Supreme Court rejects Bayer’s bid to stop lawsuits over Roundup weed killer
The Supreme Court has rejected Bayer’s appeal to shut down thousands of lawsuits claiming that its Roundup weed killer causes cancer.
The justices on Tuesday left in place a $25-million judgment in favor of Edwin Hardeman, a California man who says he developed cancer from using Roundup for decades to treat poison oak, overgrowth and weeds on his San Francisco Bay Area property. Hardeman’s lawsuit had served as a test case for thousands of similar lawsuits.
The high court’s action comes amid a series of court fights over Roundup that have pointed in different directions.
On Friday, a panel of the U.S. 9th Circuit Court of Appeals rejected an Environmental Protection Agency finding from 2020 that glyphosate does not pose a serious health risk and is “not likely” to cause cancer in humans. The appellate court ordered the EPA to reexamine its finding.
At the same time, Bayer has won four consecutive trials in state court against people who claimed they got cancer from Roundup. The latest verdict in favor of the pharmaceutical company came last week in Oregon.
Bayer had argued that federal regulators have repeatedly determined its products are safe and that lawsuits based on claims under state laws should be dismissed.
In a statement, Bayer said it disagreed with the Supreme Court’s decision not to take up its case. “The company believes that the decision undermines the ability of companies to rely on official actions taken by expert regulatory agencies, as it permits every U.S. state to require a different product label” in conflict with federal laws, Bayer said.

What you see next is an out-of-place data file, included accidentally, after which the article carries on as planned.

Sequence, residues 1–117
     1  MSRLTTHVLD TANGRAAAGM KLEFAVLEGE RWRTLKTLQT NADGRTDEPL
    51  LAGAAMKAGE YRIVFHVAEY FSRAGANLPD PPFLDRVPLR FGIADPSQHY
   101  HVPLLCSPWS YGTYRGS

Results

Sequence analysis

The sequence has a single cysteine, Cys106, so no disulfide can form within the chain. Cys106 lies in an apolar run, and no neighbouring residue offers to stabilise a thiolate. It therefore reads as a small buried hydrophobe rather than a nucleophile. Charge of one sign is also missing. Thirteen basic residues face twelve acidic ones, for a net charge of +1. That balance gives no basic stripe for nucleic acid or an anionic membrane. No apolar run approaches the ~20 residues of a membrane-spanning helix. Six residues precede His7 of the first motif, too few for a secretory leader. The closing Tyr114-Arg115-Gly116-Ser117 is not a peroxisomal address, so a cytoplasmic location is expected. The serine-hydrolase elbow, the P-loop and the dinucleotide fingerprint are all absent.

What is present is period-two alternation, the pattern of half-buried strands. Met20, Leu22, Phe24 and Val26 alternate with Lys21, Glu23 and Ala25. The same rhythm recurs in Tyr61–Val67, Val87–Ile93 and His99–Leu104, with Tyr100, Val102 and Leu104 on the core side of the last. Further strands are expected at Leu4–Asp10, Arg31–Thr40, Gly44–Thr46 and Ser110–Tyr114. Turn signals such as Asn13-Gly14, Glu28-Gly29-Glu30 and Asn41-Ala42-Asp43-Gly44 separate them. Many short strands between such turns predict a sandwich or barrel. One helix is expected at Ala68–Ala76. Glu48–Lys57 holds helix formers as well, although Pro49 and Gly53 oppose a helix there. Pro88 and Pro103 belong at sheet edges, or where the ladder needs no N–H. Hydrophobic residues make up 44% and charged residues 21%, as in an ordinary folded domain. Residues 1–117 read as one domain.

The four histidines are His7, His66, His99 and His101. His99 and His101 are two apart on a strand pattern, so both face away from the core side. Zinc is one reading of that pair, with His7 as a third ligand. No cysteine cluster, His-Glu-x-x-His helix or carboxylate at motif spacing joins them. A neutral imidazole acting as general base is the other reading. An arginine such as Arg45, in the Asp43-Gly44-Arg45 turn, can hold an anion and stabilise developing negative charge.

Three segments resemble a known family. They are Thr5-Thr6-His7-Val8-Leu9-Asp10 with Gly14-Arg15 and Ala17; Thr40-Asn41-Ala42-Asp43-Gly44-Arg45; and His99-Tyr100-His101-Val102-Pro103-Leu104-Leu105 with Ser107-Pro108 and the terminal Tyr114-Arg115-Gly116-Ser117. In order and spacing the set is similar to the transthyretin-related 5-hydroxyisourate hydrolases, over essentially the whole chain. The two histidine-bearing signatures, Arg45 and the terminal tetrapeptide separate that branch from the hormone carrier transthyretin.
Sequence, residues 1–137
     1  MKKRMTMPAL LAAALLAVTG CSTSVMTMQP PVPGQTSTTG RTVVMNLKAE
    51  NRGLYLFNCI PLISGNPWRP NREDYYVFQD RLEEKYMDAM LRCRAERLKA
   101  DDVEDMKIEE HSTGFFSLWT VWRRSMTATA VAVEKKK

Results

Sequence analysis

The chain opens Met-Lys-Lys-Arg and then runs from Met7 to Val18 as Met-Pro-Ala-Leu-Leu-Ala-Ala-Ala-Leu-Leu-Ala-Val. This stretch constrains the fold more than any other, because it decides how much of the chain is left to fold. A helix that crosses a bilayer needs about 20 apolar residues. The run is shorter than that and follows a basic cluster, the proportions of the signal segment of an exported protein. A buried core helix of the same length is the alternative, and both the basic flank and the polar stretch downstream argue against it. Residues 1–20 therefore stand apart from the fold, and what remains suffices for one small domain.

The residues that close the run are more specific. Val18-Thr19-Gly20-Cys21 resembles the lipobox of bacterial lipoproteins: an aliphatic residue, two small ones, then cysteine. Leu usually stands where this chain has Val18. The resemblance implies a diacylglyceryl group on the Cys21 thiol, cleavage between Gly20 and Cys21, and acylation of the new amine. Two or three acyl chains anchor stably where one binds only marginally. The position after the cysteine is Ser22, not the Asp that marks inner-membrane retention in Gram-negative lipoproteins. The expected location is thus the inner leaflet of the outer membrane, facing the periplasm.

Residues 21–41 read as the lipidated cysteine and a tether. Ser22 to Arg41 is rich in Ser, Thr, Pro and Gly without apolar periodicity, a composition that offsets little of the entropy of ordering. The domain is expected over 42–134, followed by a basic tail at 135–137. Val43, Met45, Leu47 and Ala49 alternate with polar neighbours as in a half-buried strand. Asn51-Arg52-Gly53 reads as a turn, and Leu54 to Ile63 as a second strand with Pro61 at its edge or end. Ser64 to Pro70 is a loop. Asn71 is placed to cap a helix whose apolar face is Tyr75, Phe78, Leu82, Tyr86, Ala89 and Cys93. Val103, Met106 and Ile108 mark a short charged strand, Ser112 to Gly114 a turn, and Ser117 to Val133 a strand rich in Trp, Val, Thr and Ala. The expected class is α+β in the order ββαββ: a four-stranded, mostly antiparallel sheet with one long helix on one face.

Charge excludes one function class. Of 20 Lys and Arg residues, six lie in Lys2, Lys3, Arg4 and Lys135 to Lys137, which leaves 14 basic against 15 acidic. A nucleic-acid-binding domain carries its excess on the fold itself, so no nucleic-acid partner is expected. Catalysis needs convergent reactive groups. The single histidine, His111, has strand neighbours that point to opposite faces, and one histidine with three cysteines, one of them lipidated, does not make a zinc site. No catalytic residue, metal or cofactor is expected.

Last year, Bayer set aside $4.5 billion to deal with the claims that glyphosate, the weed-killing ingredient in Roundup, causes non-Hodgkin lymphoma, a type of cancer. The company had previously taken a charge of nearly $10 billion for earlier rounds of litigation.
The U.S. 9th Circuit Court of Appeals ruling stems from the first trial of about 5,000 lawsuits consolidated in federal court in Northern California against Monsanto.
Bayer also had warned that allowing these sorts of claims will damage innovation in agriculture, health and other industries.
Bayer, which is based in Leverkusen, Germany, inherited Roundup and the litigation when it acquired Monsanto in 2018.
The EPA says on its website that there is “no evidence that glyphosate causes cancer in humans.” But in 2015, the International Agency for Research on Cancer, part of the World Health Organization, classified glyphosate as ”probably carcinogenic to humans.” The agency said it relied on “limited” evidence of cancer in people and “sufficient” evidence of cancer in study animals.
The Justice Department, which had sided with Bayer in the lower courts during the Trump administration, recommended that the high court not get involved.
Bayer maintains the product is safe but said that it would replace glyphosate in Roundup for residential use beginning in 2023. Products containing glyphosate will still be available for professional and farm use.